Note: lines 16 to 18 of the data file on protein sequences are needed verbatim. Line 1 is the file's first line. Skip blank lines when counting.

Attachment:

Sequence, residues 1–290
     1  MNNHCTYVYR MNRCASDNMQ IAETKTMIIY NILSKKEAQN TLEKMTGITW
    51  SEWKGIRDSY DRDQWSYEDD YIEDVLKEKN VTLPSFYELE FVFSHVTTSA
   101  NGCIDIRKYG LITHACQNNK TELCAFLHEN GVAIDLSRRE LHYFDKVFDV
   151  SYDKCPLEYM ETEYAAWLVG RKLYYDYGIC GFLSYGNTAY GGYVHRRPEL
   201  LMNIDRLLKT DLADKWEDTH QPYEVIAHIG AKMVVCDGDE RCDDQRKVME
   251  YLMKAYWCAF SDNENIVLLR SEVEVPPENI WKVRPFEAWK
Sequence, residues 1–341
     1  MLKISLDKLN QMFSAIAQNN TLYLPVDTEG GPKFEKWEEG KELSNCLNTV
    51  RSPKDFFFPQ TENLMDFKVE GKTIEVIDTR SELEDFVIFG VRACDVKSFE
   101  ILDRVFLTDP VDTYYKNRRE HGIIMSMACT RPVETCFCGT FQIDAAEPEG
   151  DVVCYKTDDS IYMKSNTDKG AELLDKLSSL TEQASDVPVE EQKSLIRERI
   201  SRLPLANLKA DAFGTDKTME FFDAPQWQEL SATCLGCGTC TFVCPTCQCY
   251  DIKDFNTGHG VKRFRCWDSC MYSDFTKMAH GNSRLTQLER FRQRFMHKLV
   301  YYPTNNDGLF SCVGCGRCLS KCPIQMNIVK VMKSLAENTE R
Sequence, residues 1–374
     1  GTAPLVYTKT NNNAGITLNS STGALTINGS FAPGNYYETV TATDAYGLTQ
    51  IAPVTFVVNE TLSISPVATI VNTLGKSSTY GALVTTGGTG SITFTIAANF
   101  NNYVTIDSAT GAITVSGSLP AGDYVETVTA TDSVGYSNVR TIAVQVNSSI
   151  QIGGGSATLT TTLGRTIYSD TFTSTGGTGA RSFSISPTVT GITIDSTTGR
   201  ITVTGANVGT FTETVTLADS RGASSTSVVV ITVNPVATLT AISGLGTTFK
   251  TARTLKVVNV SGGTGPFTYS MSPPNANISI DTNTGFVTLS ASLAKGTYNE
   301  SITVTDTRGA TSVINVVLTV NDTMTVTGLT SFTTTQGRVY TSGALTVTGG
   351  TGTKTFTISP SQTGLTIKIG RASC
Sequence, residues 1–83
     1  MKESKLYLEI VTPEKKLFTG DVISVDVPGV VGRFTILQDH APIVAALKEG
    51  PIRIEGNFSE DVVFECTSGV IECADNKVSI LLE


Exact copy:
Sequence, residues 1–374
     1  GTAPLVYTKT NNNAGITLNS STGALTINGS FAPGNYYETV TATDAYGLTQ
    51  IAPVTFVVNE TLSISPVATI VNTLGKSSTY GALVTTGGTG SITFTIAANF